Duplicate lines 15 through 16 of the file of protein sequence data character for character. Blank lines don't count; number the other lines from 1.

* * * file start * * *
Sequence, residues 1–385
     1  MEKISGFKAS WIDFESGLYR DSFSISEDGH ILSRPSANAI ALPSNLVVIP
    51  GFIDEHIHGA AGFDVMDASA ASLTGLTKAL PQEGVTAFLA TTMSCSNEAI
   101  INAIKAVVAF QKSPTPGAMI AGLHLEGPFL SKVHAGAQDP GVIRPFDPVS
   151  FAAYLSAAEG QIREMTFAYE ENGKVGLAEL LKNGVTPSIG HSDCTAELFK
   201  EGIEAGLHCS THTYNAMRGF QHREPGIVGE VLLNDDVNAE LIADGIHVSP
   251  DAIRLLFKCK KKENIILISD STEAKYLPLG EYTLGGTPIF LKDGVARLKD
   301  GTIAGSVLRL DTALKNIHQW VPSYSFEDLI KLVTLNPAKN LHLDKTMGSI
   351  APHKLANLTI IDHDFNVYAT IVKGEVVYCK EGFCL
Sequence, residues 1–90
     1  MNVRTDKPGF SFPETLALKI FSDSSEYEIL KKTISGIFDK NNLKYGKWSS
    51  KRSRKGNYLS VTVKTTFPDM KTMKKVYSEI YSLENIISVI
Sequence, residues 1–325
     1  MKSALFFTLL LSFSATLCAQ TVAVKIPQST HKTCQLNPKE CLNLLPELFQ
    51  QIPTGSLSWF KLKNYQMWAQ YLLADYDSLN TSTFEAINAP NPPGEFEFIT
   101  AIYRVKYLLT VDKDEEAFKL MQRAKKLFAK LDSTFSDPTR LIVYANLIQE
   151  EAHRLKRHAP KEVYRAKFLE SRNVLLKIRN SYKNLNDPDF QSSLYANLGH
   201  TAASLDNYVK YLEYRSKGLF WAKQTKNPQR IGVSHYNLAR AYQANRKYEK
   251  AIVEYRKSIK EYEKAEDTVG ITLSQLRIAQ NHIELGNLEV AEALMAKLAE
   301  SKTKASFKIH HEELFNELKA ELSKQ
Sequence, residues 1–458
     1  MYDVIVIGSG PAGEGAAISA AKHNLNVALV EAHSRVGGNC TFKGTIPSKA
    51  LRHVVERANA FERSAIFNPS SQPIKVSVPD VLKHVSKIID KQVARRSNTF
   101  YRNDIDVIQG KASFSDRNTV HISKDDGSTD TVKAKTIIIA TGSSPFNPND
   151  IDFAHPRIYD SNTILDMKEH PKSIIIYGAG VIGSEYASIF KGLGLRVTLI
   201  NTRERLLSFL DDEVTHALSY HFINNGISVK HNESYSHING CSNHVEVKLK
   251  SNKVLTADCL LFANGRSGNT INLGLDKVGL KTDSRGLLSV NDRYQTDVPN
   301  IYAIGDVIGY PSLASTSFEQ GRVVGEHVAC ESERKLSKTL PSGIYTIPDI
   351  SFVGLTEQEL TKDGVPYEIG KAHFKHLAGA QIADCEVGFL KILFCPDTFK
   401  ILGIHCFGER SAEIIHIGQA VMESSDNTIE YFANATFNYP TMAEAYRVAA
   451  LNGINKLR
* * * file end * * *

    51  QIPTGSLSWF KLKNYQMWAQ YLLADYDSLN TSTFEAINAP NPPGEFEFIT
   101  AIYRVKYLLT VDKDEEAFKL MQRAKKLFAK LDSTFSDPTR LIVYANLIQE